Will European Momentum Help Generate a Move to Recognize Palestine as a Sovereign State?

Credit: UNRWA
  • Opinion by HMGS Palihakkara (colombo, sri lanka)
  • Inter Press Service

According to Gaza’s health ministry, more than 270 people including children and other non-combatants were killed during intense fighting between Israeli forces and Hamas militants in and around the Nuseirat refugee camp on June 8, in the middle area of the war-torn enclave. More than 600 were reportedly injured with hospitals overwhelmed. UN Emergency Relief Coordinator Martin Griffiths said in a post on X that the Nuseirat camp “is the epicentre of the seismic trauma that civilians in Gaza continue to suffer.” “Seeing shrouded bodies on the ground, we are reminded that nowhere is safe in Gaza”, he said.

The effort straddled two centuries but the issue remained unresolved. It became a core question of peace and security in the Middle East and the world. The so-called rules-based order of the international system that grew out of the carnage of two world wars was unable or unwilling to find a reasonable consensus on this issue as major powers juggled ‘rules-based-justice’ with ‘power-based practice’.

The unresolved conflict thus peaked in atrocious violence in Gaza with Hamas and Israel being accused of things ranging from war crimes to genocide including the brazen massacre of over 200 civilians in a hostage rescue drama over the week end. The heart-rending tragedy in Gaza is therefore obvious but the opportunity embedded therein not so.

In a not- so-strange irony of war, it was the unprecedented human suffering and devastation in Gaza, not the political will of the major powers, that brought back the Palestinian statehood issue to the fore as a new inflection point in building peace among parties to this conflict.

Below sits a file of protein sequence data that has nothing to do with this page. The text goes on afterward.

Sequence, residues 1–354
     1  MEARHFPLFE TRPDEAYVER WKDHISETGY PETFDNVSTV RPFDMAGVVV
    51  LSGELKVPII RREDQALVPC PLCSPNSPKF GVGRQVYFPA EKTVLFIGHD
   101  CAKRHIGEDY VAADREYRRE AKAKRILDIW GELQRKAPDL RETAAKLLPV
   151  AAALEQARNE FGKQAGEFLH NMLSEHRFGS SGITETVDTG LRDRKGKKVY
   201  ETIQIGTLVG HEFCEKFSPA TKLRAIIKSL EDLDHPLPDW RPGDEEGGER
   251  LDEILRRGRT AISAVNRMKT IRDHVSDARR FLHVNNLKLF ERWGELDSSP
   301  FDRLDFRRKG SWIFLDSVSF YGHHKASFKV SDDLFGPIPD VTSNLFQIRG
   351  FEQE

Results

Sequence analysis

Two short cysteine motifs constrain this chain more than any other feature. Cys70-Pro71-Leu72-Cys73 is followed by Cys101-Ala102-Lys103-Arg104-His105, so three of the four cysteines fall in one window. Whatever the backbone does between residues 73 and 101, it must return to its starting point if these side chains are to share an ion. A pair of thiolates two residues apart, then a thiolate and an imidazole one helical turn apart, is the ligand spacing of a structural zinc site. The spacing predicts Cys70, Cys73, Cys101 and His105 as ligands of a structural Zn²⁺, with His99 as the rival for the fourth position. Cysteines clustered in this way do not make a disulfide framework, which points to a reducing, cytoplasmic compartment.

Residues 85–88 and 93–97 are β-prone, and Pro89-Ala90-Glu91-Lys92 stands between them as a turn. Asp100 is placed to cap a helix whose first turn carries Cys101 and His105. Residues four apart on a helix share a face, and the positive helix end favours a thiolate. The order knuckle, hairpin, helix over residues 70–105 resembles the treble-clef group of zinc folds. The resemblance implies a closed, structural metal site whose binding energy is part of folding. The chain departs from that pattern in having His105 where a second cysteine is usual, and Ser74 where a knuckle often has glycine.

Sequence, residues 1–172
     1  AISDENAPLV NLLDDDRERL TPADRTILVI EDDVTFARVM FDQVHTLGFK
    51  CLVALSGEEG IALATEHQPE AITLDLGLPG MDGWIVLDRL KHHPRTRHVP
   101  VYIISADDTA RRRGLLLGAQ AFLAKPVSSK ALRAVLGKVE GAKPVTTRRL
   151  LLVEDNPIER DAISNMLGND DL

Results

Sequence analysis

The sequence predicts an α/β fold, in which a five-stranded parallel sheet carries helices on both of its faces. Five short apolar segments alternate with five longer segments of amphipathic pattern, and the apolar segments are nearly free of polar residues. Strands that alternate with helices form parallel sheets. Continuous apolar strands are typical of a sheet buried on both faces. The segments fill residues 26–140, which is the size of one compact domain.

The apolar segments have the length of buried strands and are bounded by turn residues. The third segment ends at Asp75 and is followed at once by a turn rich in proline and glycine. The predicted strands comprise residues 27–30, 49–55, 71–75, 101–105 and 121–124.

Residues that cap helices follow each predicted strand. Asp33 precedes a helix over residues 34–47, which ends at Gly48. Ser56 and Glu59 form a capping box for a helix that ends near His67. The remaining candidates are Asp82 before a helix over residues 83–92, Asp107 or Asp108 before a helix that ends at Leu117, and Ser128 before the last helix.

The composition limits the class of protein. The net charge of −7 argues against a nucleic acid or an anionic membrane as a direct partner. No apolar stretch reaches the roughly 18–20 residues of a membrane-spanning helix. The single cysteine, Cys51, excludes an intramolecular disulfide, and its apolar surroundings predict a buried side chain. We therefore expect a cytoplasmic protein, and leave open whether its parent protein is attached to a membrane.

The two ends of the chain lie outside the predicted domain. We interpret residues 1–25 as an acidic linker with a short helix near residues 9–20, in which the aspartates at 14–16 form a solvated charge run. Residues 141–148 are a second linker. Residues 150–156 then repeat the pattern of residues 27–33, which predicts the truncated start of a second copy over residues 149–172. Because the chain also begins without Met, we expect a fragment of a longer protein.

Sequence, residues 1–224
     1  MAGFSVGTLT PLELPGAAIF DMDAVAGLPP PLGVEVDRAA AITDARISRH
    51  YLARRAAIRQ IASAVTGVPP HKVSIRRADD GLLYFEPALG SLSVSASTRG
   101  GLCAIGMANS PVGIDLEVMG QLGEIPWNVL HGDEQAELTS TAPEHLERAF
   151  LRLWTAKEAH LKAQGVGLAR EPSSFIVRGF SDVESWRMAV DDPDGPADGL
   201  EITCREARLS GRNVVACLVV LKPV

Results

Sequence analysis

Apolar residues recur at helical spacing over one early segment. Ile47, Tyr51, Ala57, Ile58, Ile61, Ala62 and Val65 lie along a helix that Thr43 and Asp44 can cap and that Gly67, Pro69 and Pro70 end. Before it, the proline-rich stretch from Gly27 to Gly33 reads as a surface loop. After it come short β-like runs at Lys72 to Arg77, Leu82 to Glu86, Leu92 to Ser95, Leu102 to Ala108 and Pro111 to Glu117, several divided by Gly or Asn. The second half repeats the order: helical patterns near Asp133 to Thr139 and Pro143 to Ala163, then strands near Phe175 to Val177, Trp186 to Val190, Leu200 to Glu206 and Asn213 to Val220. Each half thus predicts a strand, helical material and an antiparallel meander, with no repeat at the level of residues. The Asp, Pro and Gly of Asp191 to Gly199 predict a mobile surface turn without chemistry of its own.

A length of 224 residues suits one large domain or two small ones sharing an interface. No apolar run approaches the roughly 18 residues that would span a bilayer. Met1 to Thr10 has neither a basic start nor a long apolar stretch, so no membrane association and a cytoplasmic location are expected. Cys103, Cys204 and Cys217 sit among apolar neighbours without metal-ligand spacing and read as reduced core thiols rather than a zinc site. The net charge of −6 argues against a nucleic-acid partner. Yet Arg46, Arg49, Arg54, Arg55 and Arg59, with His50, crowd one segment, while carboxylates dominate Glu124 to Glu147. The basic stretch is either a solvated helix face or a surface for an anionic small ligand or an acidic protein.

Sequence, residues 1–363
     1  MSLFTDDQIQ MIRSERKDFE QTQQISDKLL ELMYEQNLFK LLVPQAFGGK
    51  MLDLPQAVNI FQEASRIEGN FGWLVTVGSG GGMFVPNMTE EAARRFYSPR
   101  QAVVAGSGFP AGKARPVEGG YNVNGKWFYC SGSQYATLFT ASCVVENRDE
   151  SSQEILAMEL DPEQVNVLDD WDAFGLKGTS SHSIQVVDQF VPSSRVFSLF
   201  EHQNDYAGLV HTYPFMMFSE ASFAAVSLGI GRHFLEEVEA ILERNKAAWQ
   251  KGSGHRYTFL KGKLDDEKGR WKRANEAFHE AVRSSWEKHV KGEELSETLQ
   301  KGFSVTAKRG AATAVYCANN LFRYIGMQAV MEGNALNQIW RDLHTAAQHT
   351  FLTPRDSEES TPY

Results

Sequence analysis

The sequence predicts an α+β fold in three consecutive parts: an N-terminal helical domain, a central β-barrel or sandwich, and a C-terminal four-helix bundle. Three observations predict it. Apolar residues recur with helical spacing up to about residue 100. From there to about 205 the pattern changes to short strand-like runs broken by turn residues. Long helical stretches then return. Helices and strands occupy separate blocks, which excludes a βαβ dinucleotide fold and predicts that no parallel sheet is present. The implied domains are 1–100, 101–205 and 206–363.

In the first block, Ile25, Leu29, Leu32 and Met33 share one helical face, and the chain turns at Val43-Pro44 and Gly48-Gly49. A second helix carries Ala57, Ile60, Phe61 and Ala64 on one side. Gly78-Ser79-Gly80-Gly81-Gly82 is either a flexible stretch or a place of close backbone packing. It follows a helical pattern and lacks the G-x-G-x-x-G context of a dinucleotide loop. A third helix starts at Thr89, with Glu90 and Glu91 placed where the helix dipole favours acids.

What is new is that the bold joint move by Ireland, Norway and Spain to recognize the Palestine State as a precursor to peace rather than in its aftermath, can set in motion a new dynamic.

It has somewhat shaken the US led conventional Euro-Atlantic posture on the Israeli Palestinian conflict that peaceful and secure two states can only emerge at the end of a bilateral peace process between Israelis and Palestinians.

The question is -- will that posture now face a reboot calling for international recognition of two States-- first, as a via media to peace between the two nations. Israeli intransigence and the devastation in Gaza has brought the need for this re-sequencing into sharper focus.

It can generate a constructive momentum especially if more European countries join Norway,Spain,and Ireland plus 140 odd other countries of the world. Slovenia has already done that.

Obviously, it is not a big snow ball- at least not yet- but something has started to roll. Norwegian Foreign Minister Eide signalled this when he declared at the press conference that if present double standards continue, it will undermine the 'rules-based international order'-a rebuke to their ‘hold out’ Western partners who preach human rights to some and protect impunity by others.

These four European countries have taken the first step. Will the United States now re-assert its leadership by taking the next ‘giant step’?.

After all, it was President John Kennedy announcing the other ‘giant step’ his great country took in the last century, who famously said “we decide to go to the moon and do other things not because they are easy but because they are difficult”.

This is 21st Century, There is an unprecedented opportunity to follow the European lead to recognize the reality of two states and end the forever-war between an Iron-domed State backed by ‘Western might’ and a hapless and stateless people - the latter being a creation by ‘Western democracies’ themselves. If the US does not seize the opportunity, the opportunists will seize it.

HMGS Palihakkara is former Foreign Secretary, Sri Lanka, former Ambassador to the United Nations, and a one-time chairman of the UN Israeli Practices Committee.

IPS UN Bureau

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